YELLOW SPRINGS, Ohio – September 15, 2010 – A year after it negotiated for its independence, Antioch College is again recruiting students as part of the Midwest Tour of Colleges That Change Lives, a nonprofit organization dedicated to the advancement and support of a student-centered college search process.
The information sessions and college fairs of Colleges That Change Lives is traveling to cities in Illinois, Indiana, Ohio, Minnesota and Missouri through September 16.
“We are excited to again be able to speak to young people and their families about the opportunity to apply for admission to Antioch College,” said Kristen Louise Pett, who is leading the college’s enrollment effort as a special assistant to Interim President Matthew A. Derr.
The 40 colleges on the Midwest Tour – including Earlham College, Evergreen State College, Hampshire College, the College of Wooster and Antioch College, among others – were featured in the book Colleges That Change Lives, written by Loren Pope, former education editor at The New York Times.
“There is no college or university in the country that makes a more profound difference in a young person’s life, or that creates more effective adults,” Pope wrote of Antioch College. “None of the Ivies, big or small, can match Antioch’s ability to produce outstanding thinkers and doers.”
“Loren Pope was a strong believer in the philosophy of Antioch College and we are delighted to have Antioch College back in the CTCL fold for the Midwest program,” said Marty O’Connell, CTCL executive director.
Founded in 1850 as an undergraduate, residential college, Antioch College was among the first co-educational and fully integrated institutions of higher education in the United States. The College pioneered cooperative education, which requires students to complete periods of full-time work as part of their studies, and shared governance, which includes students and faculty in the governance of the institution. It is the alma mater to Nobel Laureates, MacArthur “Genius” Award winners, and leaders in business and civic life. Examples include Congressional Del. Eleanor Holmes Norton ’60; Nobel Prize winner Mario Capecchi ’61; and U.S. Virgin Islands Gov. John P. DeJongh Jr. ’81.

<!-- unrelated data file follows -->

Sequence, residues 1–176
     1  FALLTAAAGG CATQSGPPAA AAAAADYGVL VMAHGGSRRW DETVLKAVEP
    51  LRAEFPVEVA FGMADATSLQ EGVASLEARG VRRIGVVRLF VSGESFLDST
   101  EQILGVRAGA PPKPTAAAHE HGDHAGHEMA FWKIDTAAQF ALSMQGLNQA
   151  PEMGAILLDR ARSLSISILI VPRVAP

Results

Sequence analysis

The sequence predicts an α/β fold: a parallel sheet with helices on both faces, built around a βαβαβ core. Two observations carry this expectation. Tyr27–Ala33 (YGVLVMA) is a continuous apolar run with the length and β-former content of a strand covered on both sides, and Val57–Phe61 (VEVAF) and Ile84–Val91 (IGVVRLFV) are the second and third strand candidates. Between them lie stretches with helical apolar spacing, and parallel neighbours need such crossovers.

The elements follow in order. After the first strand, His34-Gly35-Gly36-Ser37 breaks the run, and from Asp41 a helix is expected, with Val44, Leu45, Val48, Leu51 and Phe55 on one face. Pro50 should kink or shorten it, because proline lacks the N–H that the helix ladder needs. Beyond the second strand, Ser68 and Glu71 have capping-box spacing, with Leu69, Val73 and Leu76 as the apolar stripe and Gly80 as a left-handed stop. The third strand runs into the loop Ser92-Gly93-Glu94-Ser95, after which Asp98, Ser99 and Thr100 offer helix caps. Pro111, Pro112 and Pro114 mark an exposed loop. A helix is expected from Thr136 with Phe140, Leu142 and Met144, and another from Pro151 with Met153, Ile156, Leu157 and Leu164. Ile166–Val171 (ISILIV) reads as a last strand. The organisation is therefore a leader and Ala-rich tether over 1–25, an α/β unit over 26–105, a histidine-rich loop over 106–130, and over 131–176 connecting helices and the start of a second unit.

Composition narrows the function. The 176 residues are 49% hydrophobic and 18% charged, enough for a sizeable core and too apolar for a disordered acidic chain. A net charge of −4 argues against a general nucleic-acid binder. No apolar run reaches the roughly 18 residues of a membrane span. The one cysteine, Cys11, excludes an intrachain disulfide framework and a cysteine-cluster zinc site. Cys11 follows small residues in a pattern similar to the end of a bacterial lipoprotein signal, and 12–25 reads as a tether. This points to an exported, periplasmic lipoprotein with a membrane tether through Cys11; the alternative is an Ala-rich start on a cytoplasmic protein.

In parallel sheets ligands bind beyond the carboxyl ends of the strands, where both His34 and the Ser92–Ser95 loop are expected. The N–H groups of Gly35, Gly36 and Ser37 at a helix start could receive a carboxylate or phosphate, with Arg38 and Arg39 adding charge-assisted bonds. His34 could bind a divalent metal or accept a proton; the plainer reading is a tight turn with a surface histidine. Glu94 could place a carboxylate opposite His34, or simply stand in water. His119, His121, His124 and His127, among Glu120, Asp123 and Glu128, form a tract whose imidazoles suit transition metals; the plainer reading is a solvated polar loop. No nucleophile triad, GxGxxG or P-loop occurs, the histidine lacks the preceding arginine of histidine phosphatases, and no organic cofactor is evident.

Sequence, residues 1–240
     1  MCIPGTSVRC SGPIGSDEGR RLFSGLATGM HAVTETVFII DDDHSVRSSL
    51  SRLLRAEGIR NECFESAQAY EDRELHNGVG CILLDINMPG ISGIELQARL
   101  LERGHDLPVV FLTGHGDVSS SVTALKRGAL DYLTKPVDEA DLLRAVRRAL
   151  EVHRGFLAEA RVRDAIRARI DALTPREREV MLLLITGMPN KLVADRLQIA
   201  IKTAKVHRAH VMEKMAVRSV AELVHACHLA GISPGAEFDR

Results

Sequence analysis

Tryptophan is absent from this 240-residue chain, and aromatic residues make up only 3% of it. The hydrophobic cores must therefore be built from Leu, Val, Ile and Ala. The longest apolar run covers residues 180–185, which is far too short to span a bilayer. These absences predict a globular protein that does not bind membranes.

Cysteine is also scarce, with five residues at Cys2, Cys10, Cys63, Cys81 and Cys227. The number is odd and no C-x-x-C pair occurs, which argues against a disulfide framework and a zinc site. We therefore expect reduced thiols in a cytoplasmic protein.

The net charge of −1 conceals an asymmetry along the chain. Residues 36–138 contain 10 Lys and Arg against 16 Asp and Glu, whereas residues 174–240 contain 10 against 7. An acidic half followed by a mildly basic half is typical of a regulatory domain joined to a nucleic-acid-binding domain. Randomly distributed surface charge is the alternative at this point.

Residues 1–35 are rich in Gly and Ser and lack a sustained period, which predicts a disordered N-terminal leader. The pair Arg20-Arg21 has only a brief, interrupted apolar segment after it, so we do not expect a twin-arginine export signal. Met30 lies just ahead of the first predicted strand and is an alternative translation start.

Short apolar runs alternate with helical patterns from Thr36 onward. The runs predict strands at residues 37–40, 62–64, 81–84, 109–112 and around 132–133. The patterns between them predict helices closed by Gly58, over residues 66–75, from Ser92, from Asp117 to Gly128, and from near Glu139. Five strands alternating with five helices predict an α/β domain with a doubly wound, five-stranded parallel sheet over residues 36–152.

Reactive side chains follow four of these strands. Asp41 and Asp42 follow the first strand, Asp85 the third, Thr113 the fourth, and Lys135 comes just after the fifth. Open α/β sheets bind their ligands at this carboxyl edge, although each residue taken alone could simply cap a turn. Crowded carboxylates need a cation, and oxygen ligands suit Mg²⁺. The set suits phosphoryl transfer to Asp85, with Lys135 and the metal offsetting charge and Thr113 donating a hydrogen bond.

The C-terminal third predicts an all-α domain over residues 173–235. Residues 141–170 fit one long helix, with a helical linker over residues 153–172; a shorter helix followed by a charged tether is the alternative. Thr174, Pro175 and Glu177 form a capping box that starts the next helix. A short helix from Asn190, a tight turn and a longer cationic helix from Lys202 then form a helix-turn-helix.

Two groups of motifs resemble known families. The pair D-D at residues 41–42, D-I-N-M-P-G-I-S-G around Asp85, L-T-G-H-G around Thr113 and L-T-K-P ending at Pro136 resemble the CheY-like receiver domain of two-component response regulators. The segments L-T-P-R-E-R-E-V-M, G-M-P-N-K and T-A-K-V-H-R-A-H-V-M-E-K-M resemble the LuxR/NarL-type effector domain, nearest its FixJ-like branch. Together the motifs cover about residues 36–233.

Upon hearing in 2007 that Antioch University would close their alma mater, the alumni of Antioch College mobilized and negotiated to purchase their historic campus, the 1,000-acre Glen Helen nature preserve and the Antioch Review literary magazine. Antioch College's emergence as an independent institution is unprecedented in higher education.
The first class of the independent Antioch College will enter in the fall of 2011. The College is undergoing a multi-phased accreditation process with the goal of achieving accreditation that will apply to the first graduating class. The College is also in discussions with accredited colleges and universities to create a partnership arrangement allowing Antioch College courses to be recognized by partner institutions for possible transfer credit.
For additional information on Colleges That Change Lives, visit http://ctcl.org.
Gariot P. Louima
Chief Communications Officer